"This will achieve nothing. If anything it will 'celebritise' the taking of illegal substances. This is purely anecdotal. It's not part of any proper study. It's publicity-seeking TV at its worst."
A spokesperson for the Transform Drug Policy Foundation adds, "There are lots of important issues around drug use in popular culture. I'm not convinced this is necessarily a good way to explore them.
"From previous attempts, footage of people taking drugs is usually quite dull and probably unenlightening."
This film is based on Elegy for Iris literary critic John Bayley's biography of his late wife the brilliant writer and philosopher Iris Murdoch. Iris is unconventional in the sense that it does not adhere to a structured plot or story line but instead focuses on their relationship by flashing back and forth between the present and 40 years ago when the two first met. In the sequences taking place in the past Kate Winslet plays a young confident Murdoch in her formative years a woman revered by men and openly bisexual. Hugh Bonneville plays the young and apprehensive Bayley hopelessly pursuing her. The present however reveals a drastic role reversal for the couple: We see Murdoch in her 70s as played by Judi Dench and witness her descent into Alzheimer's disease and the toll it takes on her husband played by Jim Broadbent. The once-subservient husband has been thrust into a caretaker position and painfully tries to cope with his beloved wife's illness and loss of sanity.
Dench deservedly received a best actress Oscar nomination for the fabulous job she does as the older Murdoch. She is convincing as a brilliant thinker and even more believable as her condition worsens--check out the heartbreaking scene when Bayley locks himself in the study to get away from her irrational behavior and she scratches the windowpane on the glass door like a cat while looking at her husband with utter helplessness. Dench conveys her character's vulnerability in a single glance. As an older Bayley Broadbent is as impressive as Dench especially as he struggles to be assertive yet avoid being too harsh. Bonneville as a young Bayley could almost be Broadbent's clone. At first glance he looks like the same actor made to look older through some sort of makeup or special effects wizardry. Bonneville skillfully hatches the young Bayley's traits and tics later perfected by Broadbent. Winslet also Oscar-nominated for Iris (in the supporting actress category) well plays Murdoch's early audacity and boldness.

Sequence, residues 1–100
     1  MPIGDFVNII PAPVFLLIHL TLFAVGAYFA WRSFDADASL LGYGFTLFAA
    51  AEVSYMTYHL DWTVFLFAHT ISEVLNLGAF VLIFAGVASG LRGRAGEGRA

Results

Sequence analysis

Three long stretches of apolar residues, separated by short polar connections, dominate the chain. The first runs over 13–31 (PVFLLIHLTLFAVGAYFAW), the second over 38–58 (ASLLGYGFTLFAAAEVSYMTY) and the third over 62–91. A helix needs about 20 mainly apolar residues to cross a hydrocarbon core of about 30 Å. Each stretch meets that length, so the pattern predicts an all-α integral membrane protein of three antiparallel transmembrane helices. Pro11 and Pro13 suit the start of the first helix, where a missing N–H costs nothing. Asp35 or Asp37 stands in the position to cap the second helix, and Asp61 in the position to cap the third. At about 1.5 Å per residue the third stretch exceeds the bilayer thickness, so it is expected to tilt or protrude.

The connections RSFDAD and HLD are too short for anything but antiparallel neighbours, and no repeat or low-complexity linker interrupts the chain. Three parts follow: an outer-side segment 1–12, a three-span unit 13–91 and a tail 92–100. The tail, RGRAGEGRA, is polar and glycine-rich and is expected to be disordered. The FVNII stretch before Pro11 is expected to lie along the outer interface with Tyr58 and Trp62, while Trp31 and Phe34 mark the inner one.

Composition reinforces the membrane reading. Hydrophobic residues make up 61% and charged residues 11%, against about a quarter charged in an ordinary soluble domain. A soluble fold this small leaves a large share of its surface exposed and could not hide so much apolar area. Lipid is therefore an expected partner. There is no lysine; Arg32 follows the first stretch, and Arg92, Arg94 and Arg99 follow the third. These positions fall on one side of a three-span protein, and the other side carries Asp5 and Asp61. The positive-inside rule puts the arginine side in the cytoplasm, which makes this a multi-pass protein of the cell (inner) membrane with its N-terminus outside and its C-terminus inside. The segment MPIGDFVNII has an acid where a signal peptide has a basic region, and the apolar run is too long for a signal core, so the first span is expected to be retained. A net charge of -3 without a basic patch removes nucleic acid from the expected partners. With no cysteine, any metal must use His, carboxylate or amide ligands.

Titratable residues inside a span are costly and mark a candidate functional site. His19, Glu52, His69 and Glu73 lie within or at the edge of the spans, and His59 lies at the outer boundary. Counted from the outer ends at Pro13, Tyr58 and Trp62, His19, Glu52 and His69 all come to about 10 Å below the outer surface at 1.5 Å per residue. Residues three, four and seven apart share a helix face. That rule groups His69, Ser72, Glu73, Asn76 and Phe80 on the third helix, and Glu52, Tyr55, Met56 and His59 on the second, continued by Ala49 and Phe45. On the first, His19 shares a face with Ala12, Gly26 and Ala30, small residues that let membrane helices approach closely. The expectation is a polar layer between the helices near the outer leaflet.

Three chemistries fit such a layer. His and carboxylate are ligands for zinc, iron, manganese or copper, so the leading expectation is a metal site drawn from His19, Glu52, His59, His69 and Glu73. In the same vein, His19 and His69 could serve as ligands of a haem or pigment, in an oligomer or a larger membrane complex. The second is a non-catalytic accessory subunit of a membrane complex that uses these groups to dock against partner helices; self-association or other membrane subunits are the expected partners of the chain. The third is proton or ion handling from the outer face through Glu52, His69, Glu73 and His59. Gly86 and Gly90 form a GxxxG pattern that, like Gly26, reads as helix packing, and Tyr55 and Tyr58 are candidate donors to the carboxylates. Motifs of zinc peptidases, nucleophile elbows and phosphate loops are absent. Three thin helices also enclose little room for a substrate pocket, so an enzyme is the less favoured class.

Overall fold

Director Richard Eyre does a beautiful and seamless job flowing from the past to the present throughout the film. Although the film barely delves into Murdoch's work the importance of her writing is established with scenes from a BBC interview or a luncheon given in her honor. Eyre also does an exceptional job conveying Bayley's hopeless predicament: he fusses over Murdoch like an overprotective parent intermittently lashing out at her only to apologize sobbing afterward for having done so. It's sweet and pitiful especially since Bayley believes that the Iris he fell in love with is still in there somewhere. But while the film is visually exquisite and convincing the subject matter is not necessarily entertaining. We know Murdoch will eventually succumb to her illness but it's even more dreadful to have to watch every agonizing step. By the time Murdoch was reduced to playing in the dirt and watching Teletubbies I found myself wondering When is she going to die already?